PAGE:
Minnesota was a little on the dry side this summer and autumn appears to be hell bent on making that up. It is non stop rain and that was certainly the case at Frank Taylor's banding station this weekend. Not that I mind, last weekend was great and we got in a good number of birds and we got to watch some great hawk flights and dives. And at the end of the day, a slow and rainy day in the blind beats any day behind a desk (and wearing uncomfortable government pants) so I was just happy to be there. The camaraderie was great and Frank let Amber and I sleep in his trailer. There's nothing quite like hearing the patter of rain on the roof to put you right to sleep.
I thought for sure with the rain that we would get a peregrine in the nets--or at least see one, but alas we got skunked on the peregrine front. We did see a few merlins and one little tiny passage (hatch year) male came right in--and he was literally half the size of the pigeon. Ah, young males, so impetuous, they think they can take on the world...or at least a ginormous pigeon.
As we were about to let the merlin go, the rain picked up again--you can see it bead up on his head. He looks like he's screaming, "Okay, you have your darned photos, let's get this show on the road. Let me go!" And we did.
We did get in a few sharp-shinned hawks like the above adult male. I think we banded a total of four birds while I was there all day Saturday and for half the day on Sunday.
This sharp-shin is about to get a band on its leg. Considering how few birds we saw on Saturday, that wasn't a bad average. The rain kept raptors out of site. We did have a TON of migrants around us. The woods were still chock full of red-breasted nuthatches, yellow-rumped warblers, black-capped chickadees, ruby-crowned kinglets and palm warblers. You can see photos of some of those birds at my buddy Amber's blog. They were very responsive to pishing. I stood in the woods behind the blind, pished a little and the whole mixed flock dropped from the trees and eyed my warily. One red-breasted nuthatch landed briefly on my hat...of course, I did not have my camera with me. We also had a bunch of lapland longspurs flying around in front of us and it was amazing to watch them disappear into the grass when the flock finally landed. American pipits called frequently from overhead as they too worked their way south.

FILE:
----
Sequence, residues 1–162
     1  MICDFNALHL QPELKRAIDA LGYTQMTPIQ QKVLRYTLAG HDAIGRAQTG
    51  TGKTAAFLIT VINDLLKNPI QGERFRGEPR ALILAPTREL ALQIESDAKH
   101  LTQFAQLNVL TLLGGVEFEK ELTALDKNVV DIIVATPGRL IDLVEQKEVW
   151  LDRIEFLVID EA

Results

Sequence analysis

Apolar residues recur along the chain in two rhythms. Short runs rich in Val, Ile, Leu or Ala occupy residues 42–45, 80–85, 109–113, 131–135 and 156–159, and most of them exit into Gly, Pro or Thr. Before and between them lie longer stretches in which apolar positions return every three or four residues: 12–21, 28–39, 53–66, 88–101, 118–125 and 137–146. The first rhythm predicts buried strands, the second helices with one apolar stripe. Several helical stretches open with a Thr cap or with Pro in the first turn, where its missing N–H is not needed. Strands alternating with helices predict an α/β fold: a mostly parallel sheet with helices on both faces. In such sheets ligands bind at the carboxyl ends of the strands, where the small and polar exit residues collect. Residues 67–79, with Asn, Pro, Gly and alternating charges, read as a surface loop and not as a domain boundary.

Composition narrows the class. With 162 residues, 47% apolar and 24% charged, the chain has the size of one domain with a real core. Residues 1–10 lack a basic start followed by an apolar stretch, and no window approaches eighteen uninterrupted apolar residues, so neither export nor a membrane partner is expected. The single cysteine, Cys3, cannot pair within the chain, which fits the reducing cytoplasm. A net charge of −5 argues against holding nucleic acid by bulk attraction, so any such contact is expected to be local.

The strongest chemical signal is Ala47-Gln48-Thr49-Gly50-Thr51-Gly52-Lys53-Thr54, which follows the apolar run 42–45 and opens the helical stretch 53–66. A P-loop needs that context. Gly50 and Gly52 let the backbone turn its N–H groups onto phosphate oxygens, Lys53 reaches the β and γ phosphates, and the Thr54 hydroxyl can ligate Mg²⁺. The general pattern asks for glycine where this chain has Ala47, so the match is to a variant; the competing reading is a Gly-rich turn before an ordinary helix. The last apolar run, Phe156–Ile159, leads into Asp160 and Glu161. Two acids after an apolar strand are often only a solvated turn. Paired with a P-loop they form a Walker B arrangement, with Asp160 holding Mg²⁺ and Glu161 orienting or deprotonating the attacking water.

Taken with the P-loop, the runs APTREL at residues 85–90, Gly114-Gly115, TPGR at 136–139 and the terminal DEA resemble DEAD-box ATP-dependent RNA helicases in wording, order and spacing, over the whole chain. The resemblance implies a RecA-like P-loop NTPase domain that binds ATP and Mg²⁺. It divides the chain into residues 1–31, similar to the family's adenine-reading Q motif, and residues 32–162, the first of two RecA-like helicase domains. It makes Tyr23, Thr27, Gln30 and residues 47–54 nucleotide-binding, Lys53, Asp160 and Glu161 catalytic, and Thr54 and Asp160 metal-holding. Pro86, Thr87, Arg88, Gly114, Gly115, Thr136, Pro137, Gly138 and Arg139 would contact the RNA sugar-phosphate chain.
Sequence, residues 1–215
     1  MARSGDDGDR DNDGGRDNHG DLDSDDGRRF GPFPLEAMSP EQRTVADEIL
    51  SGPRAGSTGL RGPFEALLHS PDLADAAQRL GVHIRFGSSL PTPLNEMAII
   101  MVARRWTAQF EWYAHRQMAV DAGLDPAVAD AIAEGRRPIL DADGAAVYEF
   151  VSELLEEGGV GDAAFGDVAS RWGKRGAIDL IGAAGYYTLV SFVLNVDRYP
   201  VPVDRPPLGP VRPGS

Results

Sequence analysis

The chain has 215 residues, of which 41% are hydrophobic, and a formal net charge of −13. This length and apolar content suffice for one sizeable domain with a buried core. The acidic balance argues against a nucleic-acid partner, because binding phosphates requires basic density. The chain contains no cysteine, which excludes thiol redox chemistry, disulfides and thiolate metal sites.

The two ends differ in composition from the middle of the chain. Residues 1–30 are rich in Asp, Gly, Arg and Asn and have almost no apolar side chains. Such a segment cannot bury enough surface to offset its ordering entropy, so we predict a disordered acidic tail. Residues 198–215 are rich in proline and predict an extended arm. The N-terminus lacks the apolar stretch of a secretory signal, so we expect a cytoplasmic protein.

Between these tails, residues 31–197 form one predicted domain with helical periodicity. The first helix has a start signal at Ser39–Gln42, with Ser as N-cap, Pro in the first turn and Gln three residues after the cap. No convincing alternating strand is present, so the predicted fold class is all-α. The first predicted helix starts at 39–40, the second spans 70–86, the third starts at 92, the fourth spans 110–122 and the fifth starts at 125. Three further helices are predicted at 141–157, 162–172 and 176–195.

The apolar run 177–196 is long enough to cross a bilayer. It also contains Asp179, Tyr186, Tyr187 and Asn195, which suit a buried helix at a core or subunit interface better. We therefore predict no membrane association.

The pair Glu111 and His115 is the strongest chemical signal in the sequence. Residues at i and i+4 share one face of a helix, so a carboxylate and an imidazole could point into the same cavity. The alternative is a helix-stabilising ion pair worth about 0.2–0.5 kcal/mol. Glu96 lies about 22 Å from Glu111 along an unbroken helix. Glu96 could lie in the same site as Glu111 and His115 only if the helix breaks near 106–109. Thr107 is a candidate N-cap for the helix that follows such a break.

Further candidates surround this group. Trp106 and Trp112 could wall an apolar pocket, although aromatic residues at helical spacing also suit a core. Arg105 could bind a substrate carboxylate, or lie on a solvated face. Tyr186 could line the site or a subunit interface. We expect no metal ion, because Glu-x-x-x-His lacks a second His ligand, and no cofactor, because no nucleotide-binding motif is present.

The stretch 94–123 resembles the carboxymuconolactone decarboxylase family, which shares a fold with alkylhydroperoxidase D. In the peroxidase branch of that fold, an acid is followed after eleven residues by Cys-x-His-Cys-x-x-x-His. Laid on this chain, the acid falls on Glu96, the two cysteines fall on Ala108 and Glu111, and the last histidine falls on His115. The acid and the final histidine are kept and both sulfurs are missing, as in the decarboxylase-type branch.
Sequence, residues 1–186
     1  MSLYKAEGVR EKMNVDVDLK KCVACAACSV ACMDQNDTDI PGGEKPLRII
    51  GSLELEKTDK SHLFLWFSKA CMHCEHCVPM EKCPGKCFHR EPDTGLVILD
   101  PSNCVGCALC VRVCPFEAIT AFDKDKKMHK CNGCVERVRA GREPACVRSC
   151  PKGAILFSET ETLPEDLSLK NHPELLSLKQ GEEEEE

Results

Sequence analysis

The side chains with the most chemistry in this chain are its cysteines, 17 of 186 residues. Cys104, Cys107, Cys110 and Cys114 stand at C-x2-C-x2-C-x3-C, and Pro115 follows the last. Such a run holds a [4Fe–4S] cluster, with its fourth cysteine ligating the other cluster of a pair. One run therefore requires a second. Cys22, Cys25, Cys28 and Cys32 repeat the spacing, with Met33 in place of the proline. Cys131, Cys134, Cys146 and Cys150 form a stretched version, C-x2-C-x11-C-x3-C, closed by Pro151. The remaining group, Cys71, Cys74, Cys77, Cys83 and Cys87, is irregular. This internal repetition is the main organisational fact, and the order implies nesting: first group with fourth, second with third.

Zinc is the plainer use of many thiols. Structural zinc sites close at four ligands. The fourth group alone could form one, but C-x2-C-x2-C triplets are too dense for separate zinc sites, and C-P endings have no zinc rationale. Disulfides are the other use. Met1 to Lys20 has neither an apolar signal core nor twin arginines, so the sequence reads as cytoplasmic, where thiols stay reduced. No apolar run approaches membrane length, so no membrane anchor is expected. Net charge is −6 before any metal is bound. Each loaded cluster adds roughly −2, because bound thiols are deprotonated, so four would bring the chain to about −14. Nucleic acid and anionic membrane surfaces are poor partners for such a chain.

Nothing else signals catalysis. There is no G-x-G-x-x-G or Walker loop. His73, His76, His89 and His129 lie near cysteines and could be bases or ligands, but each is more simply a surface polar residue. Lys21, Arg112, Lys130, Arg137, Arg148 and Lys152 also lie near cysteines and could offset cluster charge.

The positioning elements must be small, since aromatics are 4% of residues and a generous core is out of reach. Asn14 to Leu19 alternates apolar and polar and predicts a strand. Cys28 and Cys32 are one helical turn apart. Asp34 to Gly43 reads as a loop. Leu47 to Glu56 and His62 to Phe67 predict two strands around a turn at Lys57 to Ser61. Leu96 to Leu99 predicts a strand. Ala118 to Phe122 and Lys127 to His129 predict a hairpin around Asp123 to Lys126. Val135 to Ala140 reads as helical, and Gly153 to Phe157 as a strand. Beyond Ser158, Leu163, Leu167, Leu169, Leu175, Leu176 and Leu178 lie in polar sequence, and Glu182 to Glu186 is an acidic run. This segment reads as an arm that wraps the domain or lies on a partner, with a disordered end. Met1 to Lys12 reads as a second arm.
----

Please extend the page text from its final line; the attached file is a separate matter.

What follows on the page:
Adult sharp-shinned hawks are a thing of beauty with their orange fronts and dark blue backs, accented by a red eye. Even though we did not get many in, the few adults that landed in the nets were a treat to see up close. Normally, when we let birds go, I like to lay underneath the releaser and get a shot of the bird in flight from below. Usually, the releaser opens their hand on a count of three and the bird bolts.
This particular sharp-shinned hawk wasn't ready. It paused, just for a moment. I love the way it's looking behind, as if to say, "What now? You thought you wanted me to flap on five?" Don't worry, true to accipiter form and this bird's folk name of Little Blue Darter, it flapped in plenty of time and dove into the woods.
This was a passage (hatch year) male. Look at his little chicken legs! These hawks are so tiny in hand (blue jay sized) and are really skinny--like David Bowie circa Diamond Dogs skinny.